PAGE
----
All through my younger years I was often told that what I planned to do was impossible. I was repeatedly told: “You can’t do it! You are too young, too small, too weak, too poor. You will never make it. You might as well give up!”
So, as one who never really had much potential and was often considered the least likely to succeed in high school and college, who would have thought that one day I would start a ministry that would grow into an international outreach which was to have an impact on tens of thousands of youth and adults?
My wife and I arrived at Bible college as new Christians, still in our teens, with little money and no jobs. Early on I was voted in one class to be the least likely to succeed in ministry. Nevertheless, I finished all four years with good grades, even though I had to work 40 – 60 hours a week on an assembly line at a window factory, along with classes and homework. By my senior year, I was running a growing youth group for a country church and teaching exercise and self-defense classes at the college and YMCA.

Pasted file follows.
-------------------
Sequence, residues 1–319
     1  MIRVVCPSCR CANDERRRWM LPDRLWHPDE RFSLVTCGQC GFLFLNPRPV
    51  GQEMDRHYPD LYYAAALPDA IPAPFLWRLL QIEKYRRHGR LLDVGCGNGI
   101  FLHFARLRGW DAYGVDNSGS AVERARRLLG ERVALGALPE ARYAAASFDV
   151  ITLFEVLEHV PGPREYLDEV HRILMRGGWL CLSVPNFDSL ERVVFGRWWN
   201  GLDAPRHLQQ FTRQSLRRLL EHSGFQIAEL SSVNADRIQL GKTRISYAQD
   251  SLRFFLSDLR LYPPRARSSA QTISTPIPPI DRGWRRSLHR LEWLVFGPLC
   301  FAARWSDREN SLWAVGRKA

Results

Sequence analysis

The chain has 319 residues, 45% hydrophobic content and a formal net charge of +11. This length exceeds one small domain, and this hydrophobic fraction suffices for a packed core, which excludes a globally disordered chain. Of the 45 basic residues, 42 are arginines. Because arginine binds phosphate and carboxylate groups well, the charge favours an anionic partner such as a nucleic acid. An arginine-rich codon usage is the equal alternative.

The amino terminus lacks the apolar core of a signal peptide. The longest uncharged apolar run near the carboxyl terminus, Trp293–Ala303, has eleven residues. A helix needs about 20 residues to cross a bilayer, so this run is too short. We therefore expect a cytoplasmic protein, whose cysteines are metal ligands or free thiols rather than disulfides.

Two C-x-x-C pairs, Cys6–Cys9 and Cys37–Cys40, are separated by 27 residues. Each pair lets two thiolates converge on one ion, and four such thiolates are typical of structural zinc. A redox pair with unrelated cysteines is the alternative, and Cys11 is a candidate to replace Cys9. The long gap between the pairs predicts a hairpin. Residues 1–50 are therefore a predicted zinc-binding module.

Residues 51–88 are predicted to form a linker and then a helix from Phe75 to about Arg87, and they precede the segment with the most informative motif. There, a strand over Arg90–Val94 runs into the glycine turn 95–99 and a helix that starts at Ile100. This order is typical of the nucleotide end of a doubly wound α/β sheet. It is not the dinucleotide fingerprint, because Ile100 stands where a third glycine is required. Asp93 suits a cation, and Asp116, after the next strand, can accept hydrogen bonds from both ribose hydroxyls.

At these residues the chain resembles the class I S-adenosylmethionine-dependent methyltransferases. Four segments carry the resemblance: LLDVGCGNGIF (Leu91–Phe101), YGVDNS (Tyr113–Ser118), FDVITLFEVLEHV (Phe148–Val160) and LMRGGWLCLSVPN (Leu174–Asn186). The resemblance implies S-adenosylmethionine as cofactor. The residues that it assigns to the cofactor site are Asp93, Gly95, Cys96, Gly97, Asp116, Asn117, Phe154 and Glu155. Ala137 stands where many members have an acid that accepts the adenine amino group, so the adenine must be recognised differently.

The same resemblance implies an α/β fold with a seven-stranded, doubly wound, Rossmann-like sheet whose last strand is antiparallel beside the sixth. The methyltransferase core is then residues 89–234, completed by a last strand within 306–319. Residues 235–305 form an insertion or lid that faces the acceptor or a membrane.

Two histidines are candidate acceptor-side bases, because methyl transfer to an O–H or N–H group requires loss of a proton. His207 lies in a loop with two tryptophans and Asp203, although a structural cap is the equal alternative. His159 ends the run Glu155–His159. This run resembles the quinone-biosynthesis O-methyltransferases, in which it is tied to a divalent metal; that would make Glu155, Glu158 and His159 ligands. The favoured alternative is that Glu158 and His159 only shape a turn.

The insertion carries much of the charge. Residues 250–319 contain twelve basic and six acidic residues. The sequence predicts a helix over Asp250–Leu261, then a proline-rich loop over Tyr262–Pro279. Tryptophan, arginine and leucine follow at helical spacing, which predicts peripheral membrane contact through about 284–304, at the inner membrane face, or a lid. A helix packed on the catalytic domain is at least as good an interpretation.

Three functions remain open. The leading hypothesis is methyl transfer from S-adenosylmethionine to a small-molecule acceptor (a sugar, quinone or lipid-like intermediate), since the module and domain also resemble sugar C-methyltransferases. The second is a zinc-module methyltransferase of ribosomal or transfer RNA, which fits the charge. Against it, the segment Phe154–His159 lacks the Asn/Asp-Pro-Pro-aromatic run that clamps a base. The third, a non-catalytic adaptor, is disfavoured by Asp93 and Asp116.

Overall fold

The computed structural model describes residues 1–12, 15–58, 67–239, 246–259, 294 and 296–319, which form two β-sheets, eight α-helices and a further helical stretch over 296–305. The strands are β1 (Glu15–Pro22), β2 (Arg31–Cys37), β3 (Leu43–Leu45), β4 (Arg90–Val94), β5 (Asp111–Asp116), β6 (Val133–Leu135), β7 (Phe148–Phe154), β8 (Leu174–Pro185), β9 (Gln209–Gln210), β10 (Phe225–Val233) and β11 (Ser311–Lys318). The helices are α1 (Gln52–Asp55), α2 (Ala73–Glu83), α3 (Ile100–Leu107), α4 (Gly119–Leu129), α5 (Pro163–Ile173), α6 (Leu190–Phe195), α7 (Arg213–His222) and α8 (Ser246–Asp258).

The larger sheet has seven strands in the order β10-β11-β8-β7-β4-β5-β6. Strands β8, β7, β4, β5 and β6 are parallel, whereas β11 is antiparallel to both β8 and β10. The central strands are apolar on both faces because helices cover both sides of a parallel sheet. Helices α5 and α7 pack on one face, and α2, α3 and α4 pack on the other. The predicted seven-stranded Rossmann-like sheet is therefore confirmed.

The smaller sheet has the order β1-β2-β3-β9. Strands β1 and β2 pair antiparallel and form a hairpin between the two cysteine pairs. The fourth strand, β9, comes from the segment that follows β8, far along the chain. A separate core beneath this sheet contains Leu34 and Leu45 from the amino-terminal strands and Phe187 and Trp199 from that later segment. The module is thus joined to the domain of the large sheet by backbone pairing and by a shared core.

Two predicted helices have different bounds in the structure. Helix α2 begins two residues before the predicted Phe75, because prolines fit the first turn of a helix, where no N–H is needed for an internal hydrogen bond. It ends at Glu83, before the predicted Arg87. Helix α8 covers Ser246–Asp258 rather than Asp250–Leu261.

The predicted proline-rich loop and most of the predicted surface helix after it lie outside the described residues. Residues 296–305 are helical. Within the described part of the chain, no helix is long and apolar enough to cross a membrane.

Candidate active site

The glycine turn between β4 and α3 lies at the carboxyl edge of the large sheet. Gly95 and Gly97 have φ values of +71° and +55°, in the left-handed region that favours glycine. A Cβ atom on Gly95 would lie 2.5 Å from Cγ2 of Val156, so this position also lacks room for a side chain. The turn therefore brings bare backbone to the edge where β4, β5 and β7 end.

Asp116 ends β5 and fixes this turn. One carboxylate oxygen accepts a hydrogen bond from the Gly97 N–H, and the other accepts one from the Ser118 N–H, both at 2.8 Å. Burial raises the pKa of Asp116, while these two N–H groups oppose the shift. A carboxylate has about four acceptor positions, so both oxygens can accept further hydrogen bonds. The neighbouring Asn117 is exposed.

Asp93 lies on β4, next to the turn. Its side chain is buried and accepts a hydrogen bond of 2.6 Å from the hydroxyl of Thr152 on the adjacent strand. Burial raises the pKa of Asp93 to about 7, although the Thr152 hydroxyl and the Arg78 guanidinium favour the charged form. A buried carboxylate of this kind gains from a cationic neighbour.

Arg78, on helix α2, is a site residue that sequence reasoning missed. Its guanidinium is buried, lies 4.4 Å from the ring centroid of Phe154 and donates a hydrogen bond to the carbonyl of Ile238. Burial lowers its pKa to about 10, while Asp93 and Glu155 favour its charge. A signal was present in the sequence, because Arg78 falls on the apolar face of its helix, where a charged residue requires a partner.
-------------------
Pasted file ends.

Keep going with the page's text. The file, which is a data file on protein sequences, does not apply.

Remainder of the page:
A few years later, the president of the college from which I had graduated called to book me at their new campus in Virginia. He asked me to address the student body on “Reaching Your Maximum Potential,” and how we had developed a successful, multifaceted ministry.
Since then I have been blessed to train hundreds of staff and volunteers—many of whom are serving in churches, ministries or missions—as well as training missionaries, pastors, chaplains, military personnel (enlisted men and women, and officers) and leaders of various ministries and organizations. The Lord has also opened doors for me to speak at several pastors’ and leadership conferences in the U.S. and other countries.
In August of 1977, with virtually no money, staff or facilities—just a lot of God-given determination—Karen and I started this ministry in the upstairs apartment of my parents’ home. I used the kitchen table as a desk and Karen kept the ministry records in a file cabinet in our bedroom. Few people thought we would succeed. Many said, “Others have tried and failed; you will too!” Nevertheless, with God’s help we persevered and for over 45 years have witnessed Him do the impossible.